At one time, our elected city leaders held a distinguished position in city government.

The Honorable Benjamin Kingsbury Jr., mayor of Portland, said March 13, 1871, to the City Council, “It is a high honor to be elected by our fellow citizens to the places of trust we occupy; but the honor is laden with responsibility.”

I recently spotted an article about one of our current city councilors, Andrew Zarro. At his business, the councilor sold stickers with distasteful slogans, which came to light with the recent mask mandate vote, and he was being attacked through any number of venues saying all kinds of rotten things.

I looked at the councilor’s official city Facebook page and saw comments including: “Wouldn’t surprise me if he pulls a Jussie Smollett situation, he needs attention” and “Your parents should have aborted you!”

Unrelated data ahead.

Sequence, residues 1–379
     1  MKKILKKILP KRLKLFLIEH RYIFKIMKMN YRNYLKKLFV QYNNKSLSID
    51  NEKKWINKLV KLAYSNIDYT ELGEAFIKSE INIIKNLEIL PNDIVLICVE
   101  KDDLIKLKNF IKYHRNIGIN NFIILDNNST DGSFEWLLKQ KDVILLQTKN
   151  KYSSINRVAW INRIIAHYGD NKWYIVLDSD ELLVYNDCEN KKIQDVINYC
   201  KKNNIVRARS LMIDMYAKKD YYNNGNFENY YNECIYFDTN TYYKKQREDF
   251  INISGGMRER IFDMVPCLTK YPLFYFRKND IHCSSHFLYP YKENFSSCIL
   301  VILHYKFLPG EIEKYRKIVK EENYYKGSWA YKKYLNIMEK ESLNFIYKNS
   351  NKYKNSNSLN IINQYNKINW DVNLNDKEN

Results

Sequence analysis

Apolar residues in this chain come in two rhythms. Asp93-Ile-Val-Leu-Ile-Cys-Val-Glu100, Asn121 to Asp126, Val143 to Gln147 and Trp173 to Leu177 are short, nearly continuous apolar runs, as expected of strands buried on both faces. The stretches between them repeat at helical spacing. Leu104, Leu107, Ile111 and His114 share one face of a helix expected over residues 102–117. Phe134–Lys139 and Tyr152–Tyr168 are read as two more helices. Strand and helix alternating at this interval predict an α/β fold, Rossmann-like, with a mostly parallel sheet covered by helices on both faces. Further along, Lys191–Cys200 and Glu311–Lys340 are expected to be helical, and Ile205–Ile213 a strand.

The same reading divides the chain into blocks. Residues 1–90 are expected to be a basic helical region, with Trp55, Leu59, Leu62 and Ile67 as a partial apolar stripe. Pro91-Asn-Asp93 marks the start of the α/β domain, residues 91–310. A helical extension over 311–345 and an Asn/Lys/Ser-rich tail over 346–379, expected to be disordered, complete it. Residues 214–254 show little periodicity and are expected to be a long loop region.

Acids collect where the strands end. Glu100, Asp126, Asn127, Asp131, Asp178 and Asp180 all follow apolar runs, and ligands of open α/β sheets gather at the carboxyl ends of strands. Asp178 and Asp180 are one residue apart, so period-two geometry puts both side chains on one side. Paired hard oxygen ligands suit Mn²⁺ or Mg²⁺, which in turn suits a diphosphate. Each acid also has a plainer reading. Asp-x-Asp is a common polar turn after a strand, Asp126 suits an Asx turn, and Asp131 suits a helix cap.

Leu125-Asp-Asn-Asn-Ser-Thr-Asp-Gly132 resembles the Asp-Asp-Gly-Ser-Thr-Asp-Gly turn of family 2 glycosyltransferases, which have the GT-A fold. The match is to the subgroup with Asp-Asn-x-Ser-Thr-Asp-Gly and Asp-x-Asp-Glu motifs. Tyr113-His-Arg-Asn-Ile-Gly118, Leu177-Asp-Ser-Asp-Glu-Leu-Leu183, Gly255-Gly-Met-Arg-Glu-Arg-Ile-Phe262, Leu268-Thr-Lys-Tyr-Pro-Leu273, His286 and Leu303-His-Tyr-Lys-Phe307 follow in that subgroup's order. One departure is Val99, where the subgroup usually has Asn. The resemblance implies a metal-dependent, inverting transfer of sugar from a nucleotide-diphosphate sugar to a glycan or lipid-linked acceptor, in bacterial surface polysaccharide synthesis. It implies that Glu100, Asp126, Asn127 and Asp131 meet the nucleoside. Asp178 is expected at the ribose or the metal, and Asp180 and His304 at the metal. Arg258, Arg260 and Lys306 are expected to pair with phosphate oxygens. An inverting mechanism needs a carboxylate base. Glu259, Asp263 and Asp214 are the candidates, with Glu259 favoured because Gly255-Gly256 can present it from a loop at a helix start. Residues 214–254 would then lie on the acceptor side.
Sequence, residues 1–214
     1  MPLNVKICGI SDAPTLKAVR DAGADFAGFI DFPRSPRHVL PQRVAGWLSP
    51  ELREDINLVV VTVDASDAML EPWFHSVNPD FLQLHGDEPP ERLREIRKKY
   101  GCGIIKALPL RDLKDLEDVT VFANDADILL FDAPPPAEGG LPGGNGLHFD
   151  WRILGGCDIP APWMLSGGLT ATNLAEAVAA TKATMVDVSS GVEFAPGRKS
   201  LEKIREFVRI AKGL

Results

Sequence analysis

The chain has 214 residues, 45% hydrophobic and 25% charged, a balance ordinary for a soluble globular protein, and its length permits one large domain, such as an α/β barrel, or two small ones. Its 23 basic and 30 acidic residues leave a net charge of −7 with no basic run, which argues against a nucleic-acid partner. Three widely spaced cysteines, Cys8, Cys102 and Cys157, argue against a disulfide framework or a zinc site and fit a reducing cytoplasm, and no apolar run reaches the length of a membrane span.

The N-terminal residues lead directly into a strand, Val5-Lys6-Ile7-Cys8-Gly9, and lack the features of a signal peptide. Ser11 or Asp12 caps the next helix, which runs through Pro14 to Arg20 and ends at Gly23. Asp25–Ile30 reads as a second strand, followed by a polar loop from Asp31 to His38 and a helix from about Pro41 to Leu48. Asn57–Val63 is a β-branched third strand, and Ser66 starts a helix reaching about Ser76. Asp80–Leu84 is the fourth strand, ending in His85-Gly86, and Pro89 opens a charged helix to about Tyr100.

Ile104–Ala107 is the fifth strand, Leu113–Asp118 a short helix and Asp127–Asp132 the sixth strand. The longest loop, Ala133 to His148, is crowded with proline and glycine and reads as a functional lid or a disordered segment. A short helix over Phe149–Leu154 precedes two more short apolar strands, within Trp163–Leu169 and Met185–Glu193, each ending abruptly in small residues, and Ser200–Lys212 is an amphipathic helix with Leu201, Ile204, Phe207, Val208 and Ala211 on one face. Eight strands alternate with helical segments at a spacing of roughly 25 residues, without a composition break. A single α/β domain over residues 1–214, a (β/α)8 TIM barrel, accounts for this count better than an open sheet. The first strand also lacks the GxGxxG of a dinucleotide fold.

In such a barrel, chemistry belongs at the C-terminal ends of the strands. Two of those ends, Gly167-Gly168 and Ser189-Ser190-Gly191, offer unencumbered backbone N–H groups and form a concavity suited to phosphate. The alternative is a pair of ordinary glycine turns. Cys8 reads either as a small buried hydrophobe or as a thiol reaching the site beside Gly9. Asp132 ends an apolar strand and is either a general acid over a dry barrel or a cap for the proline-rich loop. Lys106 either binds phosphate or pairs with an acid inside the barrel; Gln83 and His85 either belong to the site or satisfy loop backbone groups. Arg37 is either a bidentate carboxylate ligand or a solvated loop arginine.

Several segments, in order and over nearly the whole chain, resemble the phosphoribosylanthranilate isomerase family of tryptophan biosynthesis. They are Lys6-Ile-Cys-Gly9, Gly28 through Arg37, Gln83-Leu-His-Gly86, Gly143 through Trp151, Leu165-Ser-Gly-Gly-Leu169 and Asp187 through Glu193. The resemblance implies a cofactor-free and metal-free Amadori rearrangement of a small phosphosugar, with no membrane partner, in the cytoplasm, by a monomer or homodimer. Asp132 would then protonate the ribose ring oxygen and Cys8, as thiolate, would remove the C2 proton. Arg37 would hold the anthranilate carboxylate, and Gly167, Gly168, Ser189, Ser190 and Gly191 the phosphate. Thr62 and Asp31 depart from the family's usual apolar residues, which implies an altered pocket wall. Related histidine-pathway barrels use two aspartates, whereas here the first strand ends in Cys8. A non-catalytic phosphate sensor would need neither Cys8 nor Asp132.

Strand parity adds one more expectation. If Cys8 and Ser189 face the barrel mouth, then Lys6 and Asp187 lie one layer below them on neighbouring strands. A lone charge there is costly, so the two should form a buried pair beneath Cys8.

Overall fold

There are a couple of things that stand out to me reading Mayor Kingsbury’s address in 1871: the respectful words he uses in addressing the City Council, and his understanding of the council’s responsibilities to the city, which include honor and trust.

Both of these understandings failed miserably here.

Councilor Zarro’s constituents owe him an apology. Andrew Zarro sits on the same council that once included James Phinney Baxter and Neal Dow, and he deserves the respect of that position.

Councilor Zarro, likewise, owes an apology in return. The councilor is held to a set of rules of convention to avoid bias, and his allies will serve him well to remember that.

Patrick Chandler

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